Dr Emily Hung reminds medical students of choosing specialties that can keep them interested when they are making that choice. By interest, she means that they won’t lose the motivation and persistence, even when repeating the same task every day.

In an interview with MIMS, Hung explained how ‘collective efforts’ can help medical students master an overwhelming amount of material in a limited amount of time, as well as preventing doctors from making dangerous mistakes in hospitals’ nerve-wracking environment.

3. PPP crucial to maximising the role of pharmacists

According to the Strategic Review on Healthcare Manpower Planning & Professional Development report, pharmacists will most likely be the only healthcare professionals to observe excess numbers in the next 10 years.

In view of the situation, William Chun-Ming Chui, President of the Society of Hospital Pharmacists of Hong Kong (SHPHK), comments the role of pharmacists in Hong Kong is underutilised. Due to insufficient manpower – and the need to handle more than 2,000 prescriptions a day at specialist outpatient departments – it’s impossible for us to review patients’ drug profiles or handle their drug-related problems,” he said.

(left – right) Honorary Assoc. Prof. William CHUI, Producer, Ms Ellen LAI, Main Actress and Ms Cherrie Li, Director of micro-movie production.
(left – right) Honorary Assoc. Prof. William CHUI, Producer, Ms Ellen LAI, Main Actress and Ms Cherrie Li, Director of micro-movie production.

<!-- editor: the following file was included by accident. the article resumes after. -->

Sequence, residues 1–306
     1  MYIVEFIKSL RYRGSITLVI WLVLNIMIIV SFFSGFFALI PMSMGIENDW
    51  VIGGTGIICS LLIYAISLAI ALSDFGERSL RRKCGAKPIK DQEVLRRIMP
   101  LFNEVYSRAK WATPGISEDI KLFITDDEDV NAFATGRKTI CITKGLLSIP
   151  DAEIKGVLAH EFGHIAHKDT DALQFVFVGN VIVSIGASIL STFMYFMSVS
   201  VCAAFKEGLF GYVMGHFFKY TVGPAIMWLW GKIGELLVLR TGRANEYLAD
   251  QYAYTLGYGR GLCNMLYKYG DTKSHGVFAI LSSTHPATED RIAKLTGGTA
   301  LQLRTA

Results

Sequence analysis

Chui also explained in the interview how Public Private Partnership (PPP) can bring quality pharmaceutical care to the community level, creating a win-win situation for the future development of pharmacists in Hong Kong. SHPHK has also released the first-ever micro movie on hospital pharmacists in March 2017. Get to know their behind-the-scenes here!

4. Shortage of general nurses is largely underestimated

“The current average nurse-to-in-patient ratio in acute hospital unit is 1:10, which is far below the international standard of 1:4 – 5. During peak seasons, such as the winter surge period of influenza, the hospital occupancy may even reach 120% to 140%,” highlighted Professor Sek-Ying Chair, Director of the Chinese University of Hong Kong (CUHK)’s Nethersole School of Nursing.